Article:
The orally active melanocortin-4 receptor antagonist BL-6020/979: A promising candidate for the treatment of cancer cachexia

R. Dallmann, P. Weyermann, C. Anklin, M. Boroff, K. Bray-French, B. Cardel, I. Courdier-Fruh, H. Deppe, J. Dubach-Powell, M. Erb, R. H. Haefeli, M. Henneböhle, H. Herzner, M. Hufschmid, D. L. Marks, S. Nordhoff, M. Papp, C. Rummey, G. Santos, F. SchärerH. Siendt, M. Soeberdt, L. T. Sumanovski, M. Terinek, C. Mondadori, N. Güven, A. Feurer

Research output: Contribution to journalArticlepeer-review

35 Scopus citations


Background: Under physiological conditions, the melanocortin system is a crucial part of the complex network regulating food intake and energy expenditure. In pathological states, like cachexia, these two parameters are deregulated, i. e., food intake is decreased and energy expenditure is increased-a vicious combination leading to catabolism. Agouti-related protein (AgRP), the endogenous antagonist at the melanocortin-4 receptor (MC-4R), was found to increase food intake and to reduce energy expenditure. This qualifies MC-4R blockade as an attractive mode of action for the treatment of cachexia. Based on this rationale, a novel series of small-molecule MC-4R antagonists was designed, from which the orally active compound BL-6020/979 (formerly known as SNT207979) emerged as the first promising development candidate showing encouraging pre-clinical efficacy and safety properties which are presented here. Methods and results: BL-6020/979 is an orally available, selective and potent MC-4R antagonist with a drug-like profile. It increased food intake and decreased energy expenditure in healthy wild-type but not in MC-4R deficient mice. More importantly, it ameliorated cachexia-like symptoms in the murine C26 adenocarcinoma model; with an effect on body mass and body composition and on the expression of catabolic genes. Moreover, BL-6020/979 showed antidepressant-like properties in the chronic mild stress model in rats and exhibits a favorable safety profile. Conclusion: The properties of BL-6020/979 demonstrated in animal models and presented here make it a promising candidate suitable for further development towards a first-in-class treatment option for cachexia that potentially opens up the opportunity to treat two hallmarks of the disease, i. e., decreased food intake and increased energy expenditure, with one drug.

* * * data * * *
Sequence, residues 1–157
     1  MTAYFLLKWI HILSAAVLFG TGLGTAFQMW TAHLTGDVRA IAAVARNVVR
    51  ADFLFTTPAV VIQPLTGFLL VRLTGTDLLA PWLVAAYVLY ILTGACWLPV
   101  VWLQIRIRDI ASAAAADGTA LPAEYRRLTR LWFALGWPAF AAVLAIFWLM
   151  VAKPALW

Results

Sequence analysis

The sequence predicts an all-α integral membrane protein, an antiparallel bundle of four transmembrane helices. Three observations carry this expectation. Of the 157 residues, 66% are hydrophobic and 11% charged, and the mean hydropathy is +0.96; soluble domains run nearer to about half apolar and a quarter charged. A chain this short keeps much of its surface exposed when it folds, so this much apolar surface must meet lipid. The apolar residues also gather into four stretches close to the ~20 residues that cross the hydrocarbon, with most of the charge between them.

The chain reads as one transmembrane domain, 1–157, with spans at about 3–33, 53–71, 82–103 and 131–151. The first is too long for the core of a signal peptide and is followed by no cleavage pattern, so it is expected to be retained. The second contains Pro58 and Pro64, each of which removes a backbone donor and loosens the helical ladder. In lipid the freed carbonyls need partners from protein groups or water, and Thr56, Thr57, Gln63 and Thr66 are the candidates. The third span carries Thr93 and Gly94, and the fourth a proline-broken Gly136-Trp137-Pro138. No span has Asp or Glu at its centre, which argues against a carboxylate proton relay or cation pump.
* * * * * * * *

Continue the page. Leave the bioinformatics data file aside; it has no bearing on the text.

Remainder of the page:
Original languageEnglish (US)
Pages (from-to)163-174
Number of pages12
JournalJournal of Cachexia, Sarcopenia and Muscle
Issue number3
StatePublished - Sep 2011


  • C26 adenocarcinoma
  • Cancer cachexia
  • Food intake
  • Melanocortin-4 receptor antagonist
  • Metabolic rate
  • Mouse

ASJC Scopus subject areas

  • Orthopedics and Sports Medicine
  • Physiology (medical)


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